First study, then crack down
Time after time as Congress wrestled with contentious decisions on how to re-regulate the nation's financial industry, it opted for what often is the classic Washington punt: further study. In all, the 2,300-page overhaul of financial regulations requires more than 60 such studies, on everything from examining the presence of shoddy Chinese drywall in foreclosed houses to judging the financial literacy of U.S. consumers.
"Studies can often be used as a way to delay, and can be a way for the money of the biggest banks to still have influence and undermine real accountability," said Heather Booth, campaign director for a coalition of labor and consumer activists called Americans for Financial Reform.
"They can also be used to provide thoughtful guidance for action," she added, "and it can be used to reinforce the hand of regulators who want to rein in reckless activity."
The legislation, expected to face a final vote in the Senate next week, still represents a massive overhaul of financial regulations. The abundance of studies does not reflect the totality of the bill, but it illustrates the reliance the legislation places on regulators to meet the ambitious goal of preventing a recurrence of the 2008 financial crisis.
As negotiators assembled the legislation, they came up with compromises that eased the bite of stronger measures, put off action on new rules or gave regulators a greater say on what restrictions to adopt and how to make them work. Some examples:
— A study of how banks hire firms to rate the risk of their investment products, a substitute for actually upending the way rating agencies are retained.
— A study of whether secured creditors should be forced to absorb losses when the firms they invest in are liquidated. The House would have mandated 20 percent losses, but studying the issue first was deemed more prudent.
Many of the studies are simply information-gathering exercises to help determine the need for new policies, such as an instruction to Congress' investigative arm, the Government Accountability Office, to look into the number of Securities and Exchange Commission employees who leave to work for firms regulated by the agency.
But several studies were designed as the middle ground when tougher measures proved politically unpalatable, such as requiring a proposed new oversight council of regulators to study if the government should set strict limits on the size of banks, rather than actually imposing them. A Senate proposal that would have required the nation's six biggest banks to slim down to a fraction of their size had failed by a nearly 2-to-1 vote.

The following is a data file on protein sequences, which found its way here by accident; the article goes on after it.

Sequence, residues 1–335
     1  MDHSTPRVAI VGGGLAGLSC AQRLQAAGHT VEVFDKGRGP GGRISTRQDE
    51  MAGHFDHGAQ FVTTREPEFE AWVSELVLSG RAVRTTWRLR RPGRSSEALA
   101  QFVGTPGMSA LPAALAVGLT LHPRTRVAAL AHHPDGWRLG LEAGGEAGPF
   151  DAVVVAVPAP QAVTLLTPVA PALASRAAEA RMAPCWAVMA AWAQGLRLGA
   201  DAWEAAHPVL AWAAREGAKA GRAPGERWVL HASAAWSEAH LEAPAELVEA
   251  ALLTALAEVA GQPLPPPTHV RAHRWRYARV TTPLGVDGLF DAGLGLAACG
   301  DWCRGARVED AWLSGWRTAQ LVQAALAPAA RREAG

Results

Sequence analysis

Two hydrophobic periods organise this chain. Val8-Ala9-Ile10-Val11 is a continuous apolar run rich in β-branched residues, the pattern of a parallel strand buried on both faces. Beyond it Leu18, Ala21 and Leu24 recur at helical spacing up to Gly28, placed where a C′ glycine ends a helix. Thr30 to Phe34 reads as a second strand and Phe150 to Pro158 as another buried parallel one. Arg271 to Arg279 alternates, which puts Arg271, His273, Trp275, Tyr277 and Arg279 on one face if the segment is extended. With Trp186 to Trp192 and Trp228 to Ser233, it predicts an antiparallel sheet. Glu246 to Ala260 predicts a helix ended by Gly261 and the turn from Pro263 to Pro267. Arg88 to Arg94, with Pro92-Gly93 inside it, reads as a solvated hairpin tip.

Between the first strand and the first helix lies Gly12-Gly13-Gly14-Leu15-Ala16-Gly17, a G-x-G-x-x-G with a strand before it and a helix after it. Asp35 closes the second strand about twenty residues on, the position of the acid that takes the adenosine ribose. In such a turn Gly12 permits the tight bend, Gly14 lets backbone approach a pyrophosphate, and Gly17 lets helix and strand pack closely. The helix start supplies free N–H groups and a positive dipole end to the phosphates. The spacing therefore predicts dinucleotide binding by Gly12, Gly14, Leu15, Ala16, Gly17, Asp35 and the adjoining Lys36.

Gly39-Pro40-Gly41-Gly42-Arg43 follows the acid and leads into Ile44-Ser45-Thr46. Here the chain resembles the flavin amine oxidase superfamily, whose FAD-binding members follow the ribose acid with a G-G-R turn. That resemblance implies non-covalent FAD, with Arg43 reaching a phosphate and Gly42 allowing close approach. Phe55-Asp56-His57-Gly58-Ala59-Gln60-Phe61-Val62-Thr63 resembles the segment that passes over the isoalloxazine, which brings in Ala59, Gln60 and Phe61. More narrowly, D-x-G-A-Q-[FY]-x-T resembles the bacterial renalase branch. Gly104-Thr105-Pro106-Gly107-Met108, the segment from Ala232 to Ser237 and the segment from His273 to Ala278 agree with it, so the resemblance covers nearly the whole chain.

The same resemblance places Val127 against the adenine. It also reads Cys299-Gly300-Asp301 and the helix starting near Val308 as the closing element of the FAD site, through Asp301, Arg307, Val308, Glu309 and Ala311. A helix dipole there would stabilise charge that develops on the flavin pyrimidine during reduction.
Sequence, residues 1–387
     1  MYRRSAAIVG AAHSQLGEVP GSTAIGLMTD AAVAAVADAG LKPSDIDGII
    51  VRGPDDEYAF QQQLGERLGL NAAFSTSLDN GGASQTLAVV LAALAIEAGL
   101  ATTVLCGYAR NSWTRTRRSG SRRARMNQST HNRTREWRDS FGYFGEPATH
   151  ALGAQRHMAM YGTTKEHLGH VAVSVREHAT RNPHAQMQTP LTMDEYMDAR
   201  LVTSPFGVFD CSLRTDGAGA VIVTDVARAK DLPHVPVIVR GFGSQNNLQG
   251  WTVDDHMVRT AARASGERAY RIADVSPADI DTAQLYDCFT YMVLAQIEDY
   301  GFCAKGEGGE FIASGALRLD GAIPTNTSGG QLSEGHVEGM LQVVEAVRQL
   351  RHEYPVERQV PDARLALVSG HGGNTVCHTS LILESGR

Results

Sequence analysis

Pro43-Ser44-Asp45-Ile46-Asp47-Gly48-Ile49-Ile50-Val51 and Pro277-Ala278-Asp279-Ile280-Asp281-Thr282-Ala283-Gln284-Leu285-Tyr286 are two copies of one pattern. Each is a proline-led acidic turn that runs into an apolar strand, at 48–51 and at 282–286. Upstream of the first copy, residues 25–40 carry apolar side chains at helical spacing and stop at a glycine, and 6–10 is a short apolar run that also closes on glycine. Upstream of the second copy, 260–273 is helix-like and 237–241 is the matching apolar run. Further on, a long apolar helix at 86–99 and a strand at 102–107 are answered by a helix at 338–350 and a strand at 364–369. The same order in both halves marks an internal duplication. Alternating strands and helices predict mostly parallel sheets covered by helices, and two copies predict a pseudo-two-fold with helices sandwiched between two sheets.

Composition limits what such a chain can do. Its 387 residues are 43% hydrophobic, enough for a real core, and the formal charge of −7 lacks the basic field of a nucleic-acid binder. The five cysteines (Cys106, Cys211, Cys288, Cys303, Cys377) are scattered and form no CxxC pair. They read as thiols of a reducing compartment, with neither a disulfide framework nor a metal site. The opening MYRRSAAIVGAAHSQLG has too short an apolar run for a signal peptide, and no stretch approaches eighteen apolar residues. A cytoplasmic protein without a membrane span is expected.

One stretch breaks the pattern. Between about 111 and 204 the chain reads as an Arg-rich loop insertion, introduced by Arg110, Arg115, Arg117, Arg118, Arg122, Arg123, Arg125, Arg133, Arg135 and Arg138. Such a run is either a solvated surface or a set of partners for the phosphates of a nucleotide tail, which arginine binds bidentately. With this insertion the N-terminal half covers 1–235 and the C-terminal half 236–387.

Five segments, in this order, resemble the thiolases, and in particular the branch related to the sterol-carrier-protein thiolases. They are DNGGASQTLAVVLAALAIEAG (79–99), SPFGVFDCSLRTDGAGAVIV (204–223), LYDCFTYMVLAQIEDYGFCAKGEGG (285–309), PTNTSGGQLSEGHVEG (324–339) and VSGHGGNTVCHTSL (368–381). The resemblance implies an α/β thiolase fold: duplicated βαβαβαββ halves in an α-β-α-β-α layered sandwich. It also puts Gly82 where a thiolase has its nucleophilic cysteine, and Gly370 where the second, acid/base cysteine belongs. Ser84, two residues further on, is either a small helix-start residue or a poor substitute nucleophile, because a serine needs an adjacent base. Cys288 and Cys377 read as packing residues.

And while some studies just kick the can down the road, the bill often demands eventual regulatory action.
For example, the House wanted the SEC to impose the same professional standards on stockbrokers and dealers that are imposed on financial advisers. The Senate bill called for a study but left the SEC with no authority to then implement the results. The House-Senate compromise specifically gives the SEC power to issue rules governing brokers, with the instruction to apply the results of the study.
Likewise, lawmakers tried to address the reliance investors place on credit rating agencies. Their rosy ratings of mortgage-backed securities helped precipitate the 2008 financial crisis. And because the rating agencies were paid by the firms issuing the financial products, their very independence came into question.
The Senate, through a proposal offered by Sen. Al Franken, D-Minn., sought to avoid the potential for conflicts of interest by having an independent board assign rating agencies to financial firms. But during House-Senate negotiations, House Democrats proposed striking Franken's proposal and offered a study instead.
Senate Democrats countered creatively, accepting the study but insisting that after two years the SEC would have to adopt the method proposed by Franken unless regulators come up with a better system.
"One of the things we tried to assure is that the studies would lead to appropriate action," said Sen. Jack Reed, D-R.I., one of the Senate negotiators. "We've put in place the architecture for improved performance of the financial system; some of the detail work will have to be on the regulators."
Douglas Elliott, former investment banker at J.P. Morgan and a fellow at the Brookings Institution, said the studies are a subset of Congress' general approach of deferring much of the details of the legislation to regulators. That means many of the remedies that would address past failures are still a year or two away — time for the industry to continue to influence the rules they live by.
"Fairly sensibly, given the complexity of the financial sector, Congress didn't try to nail down everything," Elliott said. "We're essentially halfway done once this legislation passes. The other half will be decided by the regulators, and there will be an immense level of lobbying."
Edward Mills, a financial policy analyst at FBR Capital Markets, said that in leaving studies and decisions to the agencies that oversee the industry, Congress is giving regulators flexibility to react to new financial schemes and products.
"When it comes to financial services, legislation is a blunt instrument," he said. "If you just have (prescribed regulations) in the text of the legislation rather than giving a framework and leaving it to the regulators to implement, you run the risk of financial institutions being creative."
The trust the legislation places on the regulators is a double-edged sword. Regulatory agencies were blamed for not seeing the crisis coming and for being more attentive to the industry's financial growth than to the needs of consumers. But regulators are more wary now, analysts say, and might not be as susceptible to political pressures as members of Congress.
"It's not always the case that leaving it to the regulators makes it easier for the industry to win," Elliott said.